The Ford Foundation hosts a critical conversation on media’s coverage and employment of people of color: Represent: Forging a New Future For Journalism and Media Diversity. Watch online at dptv.org .
The nation’s founders mentioned by name only one business in the Constitution: the Press. Find out why media diversity — meaning the inclusion of observers and voices representing all of The People — is so important for the United States and the nation’s success in the future. Details on the program:
In 1968, after a series of civil disturbances roiled cities across the nation, the Kerner Commission Report called out the news industry’s failings in integrating and reporting on communities of color as part of the cause of the widespread urban unrest. Since then, advocates have used the report’s findings to push for increased diversity in newsrooms—and have seen some important progress.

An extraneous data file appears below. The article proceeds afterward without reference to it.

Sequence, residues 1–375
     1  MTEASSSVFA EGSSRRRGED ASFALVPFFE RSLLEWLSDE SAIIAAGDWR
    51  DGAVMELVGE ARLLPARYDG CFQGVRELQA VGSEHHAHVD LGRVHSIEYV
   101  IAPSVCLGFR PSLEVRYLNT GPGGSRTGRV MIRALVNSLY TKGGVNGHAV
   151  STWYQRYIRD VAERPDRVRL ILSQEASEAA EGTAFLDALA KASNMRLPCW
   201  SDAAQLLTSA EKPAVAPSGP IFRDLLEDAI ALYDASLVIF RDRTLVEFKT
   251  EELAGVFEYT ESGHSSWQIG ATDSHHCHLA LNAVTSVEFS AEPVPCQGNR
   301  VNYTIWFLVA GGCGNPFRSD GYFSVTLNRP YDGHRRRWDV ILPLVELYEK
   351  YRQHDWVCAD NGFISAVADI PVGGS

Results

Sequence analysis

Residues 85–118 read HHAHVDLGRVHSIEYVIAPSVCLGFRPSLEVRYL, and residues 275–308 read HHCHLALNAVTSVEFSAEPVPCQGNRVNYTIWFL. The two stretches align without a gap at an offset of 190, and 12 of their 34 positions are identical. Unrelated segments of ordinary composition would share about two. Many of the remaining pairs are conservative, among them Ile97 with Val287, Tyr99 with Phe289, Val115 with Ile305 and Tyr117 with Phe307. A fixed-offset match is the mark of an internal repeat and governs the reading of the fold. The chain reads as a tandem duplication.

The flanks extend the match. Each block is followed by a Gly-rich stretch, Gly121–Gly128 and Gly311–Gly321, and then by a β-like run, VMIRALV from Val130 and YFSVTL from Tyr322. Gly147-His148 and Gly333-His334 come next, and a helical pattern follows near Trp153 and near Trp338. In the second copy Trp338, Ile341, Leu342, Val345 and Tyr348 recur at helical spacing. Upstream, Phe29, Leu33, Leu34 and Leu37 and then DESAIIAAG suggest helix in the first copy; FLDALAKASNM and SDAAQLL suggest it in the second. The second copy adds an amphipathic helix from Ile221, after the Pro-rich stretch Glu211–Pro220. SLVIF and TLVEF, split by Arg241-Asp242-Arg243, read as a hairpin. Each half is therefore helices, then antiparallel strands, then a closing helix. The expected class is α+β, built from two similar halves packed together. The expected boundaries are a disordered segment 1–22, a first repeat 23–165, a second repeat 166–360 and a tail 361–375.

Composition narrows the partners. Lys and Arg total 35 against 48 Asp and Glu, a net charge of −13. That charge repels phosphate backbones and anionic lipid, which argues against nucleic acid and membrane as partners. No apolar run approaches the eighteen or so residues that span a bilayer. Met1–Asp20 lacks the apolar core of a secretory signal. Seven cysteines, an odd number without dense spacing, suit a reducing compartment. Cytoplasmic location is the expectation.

Yet America’s diversity still isn’t reflected among the journalists who do the essential reporting—from small towns and big cities, on local issues and national crises—that we rely on. In this time of great challenges to the press, democracy and the very idea of truth, how can we reinvigorate efforts to integrate newsrooms and advance indispensable journalism?
To tackle this question, the Ford Foundation is organizing an evening of conversations on the topic, which it is calling “Represent: Forging a New Future for Journalism and Media Diversity” and featuring journalists and media authorities both local and national, including Farai Chideya, Jelani Cobb, Jon Funabiki, Martina Guzmán, Jenny Lee, Ed Lewis, Marie Nelson, Bill Plante, Richard Prince, Kevin Ryan, Jerome Vaughn and Ford Foundation CEO Darren Walker.
There will also be performances by Kisma Jordan, Jessica Care Moore and Sphinx.
The event will be live-streamed at dptv.org on Monday, March 5, from 6:30-8 p.m.
You can also Represent. Join the conversation online using the hashtag #RepresentMEdia and share this email.